Roma defender Chris Smalling will have mixed feelings when he plays at Old Trafford for the first time in nearly two years tonight.
After a decade at Manchester United – winning five major trophies, including two Premier League titles – the place undoubtedly has many fond memories for the 31-year-old, but he could be forgiven for wondering what could have been. He may even think he should still be with the club, and it will certainly be strange playing for an empty Stretford End for the first time.
Smalling has endured an injury-hit second season in the Italian capital, but returned to fitness last weekend, just in time for his former club’s visit to the Europa League semi-finals.
Chris Smalling returns to Old Trafford tonight as part of Paulo Fonseca’s Roma side
Smalling wins the Premier League trophy in 2011 and 2013 – United’s last two titles
Smalling celebrates Henrikh Mkhitaryan’s goal in the Europa League final victory over Ajax in 2017
Ole Gunnar Solskjaer and Gareth Southgate may have thought he was redundant, but Smalling is an essential part of Roma coach Paulo Fonseca’s team. Roma played in the middle of a back three, losing just three of the 18 games (16 percent) Smalling played this season but struggled without him.
Their pursuit of a top four spot has seriously failed since Smalling was injured in late January, with six Serie A losses in their last 13 games, leaving them in sixth place and 11 points behind in fourth place. Roma have lost nine of the 28 games Smalling has missed (32 percent) and only their Europa League run has kept Fonseca on track.
Fonseca will therefore be very happy with Smalling back and hopes he can replicate his form from last season. Considered one of the best defenders in Serie A in 2019/20, the Englishman convinced Roma to turn his loan into a permanent loan for £ 13.5 million.
However, this season has been much more challenging for Smalling. In addition to the pandemic and a succession of injuries – knee, biceps and thigh – his wife and son were the victims of a shocking armed robbery in their villa south of Rome two weeks ago. The invaders left with £ 100,000 worth of jewelry and luxury watches, leaving his family ‘shocked’.
Smalling said his family was ‘shocked’ but ‘unharmed’ after a shocking armed robbery at their home in Italy (photo: wife Sam Cooke, 35, Smalling, and son Leo, two)
Smalling provided a positive update on Twitter after the terrifying ordeal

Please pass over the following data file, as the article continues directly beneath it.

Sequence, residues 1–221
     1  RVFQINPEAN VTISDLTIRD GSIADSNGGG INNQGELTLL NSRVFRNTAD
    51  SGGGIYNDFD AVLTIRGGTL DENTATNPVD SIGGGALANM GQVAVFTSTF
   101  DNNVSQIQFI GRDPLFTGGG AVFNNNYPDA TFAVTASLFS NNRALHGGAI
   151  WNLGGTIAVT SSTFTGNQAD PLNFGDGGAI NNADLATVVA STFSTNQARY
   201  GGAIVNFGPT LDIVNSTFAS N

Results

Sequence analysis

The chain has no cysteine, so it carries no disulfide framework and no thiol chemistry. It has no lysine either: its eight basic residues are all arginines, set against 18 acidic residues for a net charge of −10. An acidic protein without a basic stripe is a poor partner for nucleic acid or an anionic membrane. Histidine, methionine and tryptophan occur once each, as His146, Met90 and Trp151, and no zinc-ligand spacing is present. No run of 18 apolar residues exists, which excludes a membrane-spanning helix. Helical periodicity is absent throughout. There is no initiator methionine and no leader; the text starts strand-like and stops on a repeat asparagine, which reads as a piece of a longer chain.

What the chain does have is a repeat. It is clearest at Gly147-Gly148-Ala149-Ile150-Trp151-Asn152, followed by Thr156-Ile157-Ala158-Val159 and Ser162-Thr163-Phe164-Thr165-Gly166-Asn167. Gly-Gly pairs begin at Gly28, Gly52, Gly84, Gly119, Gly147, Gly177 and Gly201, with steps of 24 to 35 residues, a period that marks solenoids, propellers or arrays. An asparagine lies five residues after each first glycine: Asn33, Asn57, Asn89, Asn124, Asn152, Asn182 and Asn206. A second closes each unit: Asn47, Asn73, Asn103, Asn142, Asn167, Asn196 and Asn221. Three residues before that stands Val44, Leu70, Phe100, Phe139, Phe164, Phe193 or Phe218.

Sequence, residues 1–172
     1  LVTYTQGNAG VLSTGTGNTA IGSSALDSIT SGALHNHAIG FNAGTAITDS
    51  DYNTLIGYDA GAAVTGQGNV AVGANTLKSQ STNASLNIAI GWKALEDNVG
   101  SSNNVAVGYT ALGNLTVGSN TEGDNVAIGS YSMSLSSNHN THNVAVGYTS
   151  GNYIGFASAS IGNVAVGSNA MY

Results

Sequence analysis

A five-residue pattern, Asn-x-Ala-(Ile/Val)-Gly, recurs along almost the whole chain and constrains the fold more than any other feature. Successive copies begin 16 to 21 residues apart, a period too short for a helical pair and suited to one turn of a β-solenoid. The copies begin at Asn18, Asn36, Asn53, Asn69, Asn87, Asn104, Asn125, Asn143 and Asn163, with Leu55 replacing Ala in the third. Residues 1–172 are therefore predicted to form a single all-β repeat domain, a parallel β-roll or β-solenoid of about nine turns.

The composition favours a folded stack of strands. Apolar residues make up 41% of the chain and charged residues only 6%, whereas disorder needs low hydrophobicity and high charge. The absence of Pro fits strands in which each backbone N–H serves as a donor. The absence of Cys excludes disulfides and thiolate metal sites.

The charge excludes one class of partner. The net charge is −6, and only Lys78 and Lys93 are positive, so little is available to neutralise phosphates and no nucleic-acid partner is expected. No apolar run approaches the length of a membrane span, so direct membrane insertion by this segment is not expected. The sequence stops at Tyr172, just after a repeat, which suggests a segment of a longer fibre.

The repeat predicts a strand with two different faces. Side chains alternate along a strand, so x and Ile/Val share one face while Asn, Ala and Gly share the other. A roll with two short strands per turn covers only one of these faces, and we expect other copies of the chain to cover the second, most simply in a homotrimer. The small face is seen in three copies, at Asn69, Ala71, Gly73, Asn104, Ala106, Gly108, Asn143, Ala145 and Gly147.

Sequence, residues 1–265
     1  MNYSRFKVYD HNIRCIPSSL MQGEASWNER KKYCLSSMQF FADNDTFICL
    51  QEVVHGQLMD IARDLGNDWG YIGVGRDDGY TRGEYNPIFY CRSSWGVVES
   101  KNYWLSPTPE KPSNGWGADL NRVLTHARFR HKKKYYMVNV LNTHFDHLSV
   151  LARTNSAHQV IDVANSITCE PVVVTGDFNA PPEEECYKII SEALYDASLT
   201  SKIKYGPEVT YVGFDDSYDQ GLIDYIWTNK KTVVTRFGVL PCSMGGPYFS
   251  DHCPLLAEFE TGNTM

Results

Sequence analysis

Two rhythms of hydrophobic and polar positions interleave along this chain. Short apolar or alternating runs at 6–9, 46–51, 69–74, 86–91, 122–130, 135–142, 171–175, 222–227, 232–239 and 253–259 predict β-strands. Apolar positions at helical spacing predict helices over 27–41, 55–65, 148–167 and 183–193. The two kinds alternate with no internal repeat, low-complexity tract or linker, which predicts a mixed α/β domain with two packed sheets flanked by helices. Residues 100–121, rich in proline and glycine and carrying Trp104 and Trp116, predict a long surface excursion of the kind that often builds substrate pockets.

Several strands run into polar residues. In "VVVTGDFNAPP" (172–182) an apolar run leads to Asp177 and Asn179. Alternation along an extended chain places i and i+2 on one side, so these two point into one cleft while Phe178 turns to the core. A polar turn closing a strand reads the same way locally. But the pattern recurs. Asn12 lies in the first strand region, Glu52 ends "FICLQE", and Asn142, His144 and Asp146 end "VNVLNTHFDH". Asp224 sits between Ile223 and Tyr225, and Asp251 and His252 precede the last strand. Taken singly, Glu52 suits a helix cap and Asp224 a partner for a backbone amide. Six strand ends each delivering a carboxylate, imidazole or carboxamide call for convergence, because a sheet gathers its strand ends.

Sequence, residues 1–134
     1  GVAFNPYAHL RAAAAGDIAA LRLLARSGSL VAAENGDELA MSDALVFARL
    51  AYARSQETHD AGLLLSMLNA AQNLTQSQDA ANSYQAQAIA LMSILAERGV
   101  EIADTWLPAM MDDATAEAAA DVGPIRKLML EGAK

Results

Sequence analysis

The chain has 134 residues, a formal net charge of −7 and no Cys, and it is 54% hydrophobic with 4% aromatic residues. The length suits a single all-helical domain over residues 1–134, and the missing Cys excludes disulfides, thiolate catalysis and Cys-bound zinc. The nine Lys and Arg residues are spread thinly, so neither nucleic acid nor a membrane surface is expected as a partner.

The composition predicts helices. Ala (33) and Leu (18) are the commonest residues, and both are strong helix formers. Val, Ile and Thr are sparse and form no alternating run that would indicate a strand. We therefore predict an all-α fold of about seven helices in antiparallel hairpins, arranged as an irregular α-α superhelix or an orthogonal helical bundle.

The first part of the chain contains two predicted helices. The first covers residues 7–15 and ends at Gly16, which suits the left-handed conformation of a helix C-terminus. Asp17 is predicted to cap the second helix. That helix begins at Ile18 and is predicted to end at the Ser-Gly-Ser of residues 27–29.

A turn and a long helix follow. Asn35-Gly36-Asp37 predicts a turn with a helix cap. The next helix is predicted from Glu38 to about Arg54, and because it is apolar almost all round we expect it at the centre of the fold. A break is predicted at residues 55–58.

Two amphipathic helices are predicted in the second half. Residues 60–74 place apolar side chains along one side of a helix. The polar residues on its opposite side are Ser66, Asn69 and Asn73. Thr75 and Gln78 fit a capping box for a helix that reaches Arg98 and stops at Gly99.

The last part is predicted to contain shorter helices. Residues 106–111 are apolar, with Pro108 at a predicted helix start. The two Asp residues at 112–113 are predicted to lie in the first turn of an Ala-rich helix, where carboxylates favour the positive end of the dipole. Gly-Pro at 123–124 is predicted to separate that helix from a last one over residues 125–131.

The young family (pictured) moved permanently to Italy after Smalling joined Roma
Smalling has previously spoken about how well he and his former glamor model wife Sam Cooke have established themselves well in Italy since their first move to Rome on loan in 2019. If he was happy with how life started in Italy, he won’t be. happy with how it ended in Manchester.
After a brilliant start under Solskjaer that gave the Norwegian the permanent job, United’s 2018/19 season finally fell apart, with eight defeats in Smalling’s last 10 games – including heavy and embarrassing defeats against Everton and Cardiff (his last appearance at Old Trafford). . He was made a scapegoat that summer when United set out to rebuild their defense around Harry Maguire’s £ 80m signing.
Maguire also took Smalling’s place in the England team leading up to the 2018 World Cup, as Southgate tried to promote what he considered Maguire’s superior ball skills. He is also three and a half years younger than Smalling, which has undoubtedly played a role in the decisions of both Solskjaer and Southgate.
Smalling always divided opinions during his time at United. He hired Premier League scouts while excelling for non-league Maidstone United as a teenager, and was soon picked up by Roy Hodgson at Fulham in 2008. Just 18 months later, despite having made only a handful of appearances at Craven Cottage, Sir Alex Ferguson had seen enough to pay Fulham £ 10 million to sign the then 20-year-old.
From 2010 until Ferguson’s retirement in 2013, he slowly built Smalling and Phil Jones into the potentially world-class defenders he saw. Few then doubted Fergie’s verdict as Smalling played roles in the 2011 and 2013 titles backing up Nemanja Vidic and Rio Ferdinand’s top pick.
Smalling during the 4-0 defeat to Everton in April 2019 (left) – and with Fulham in 2010 (right)
Ferguson’s departure was a turning point for any United player and fan – as it has been for English football – and a succession of poor leadership appointments and signings has left the club unable to win a league title since then. Unfortunately for Smalling, like Jones, he symbolized the lack of world-class quality in this era of failure. He showed promise, had spells when he looked like he was really going to be the player Ferguson imagined, but never lived up to that promise in the end.
It’s not all Smalling’s fault, of course. If Ferguson had stayed a few more years, he might have developed into a world-class defender who scooped countless trophies. Instead, he had executives like Louis van Gaal, who infamously forgot his name at a press conference.
Ironically, Van Gaal showed more confidence in Smalling than Solskjaer, Jose Mourinho or David Moyes – he played 55 games under the Dutchman in 2015-16, comfortably his most ever in a season – but named him Mike Smalling for the watching world in 2015 the hole in the shape of a Fergie only looked bigger.
Injuries were also a constant thorn in Smalling’s side and no doubt hindered his progress. It only seems fair then that he is fit to get another chance to play at Old Trafford and show Solskjaer what he is missing. Ultimately, he will be remembered by United fans as a defender who was good, but not quite good enough.
Louis van Gaal introduced Smalling as ‘Mike’ during a press conference in 2015 (photo)
Solskjaer (right) let Smalling loose in 2019, building his defense around Harry Maguire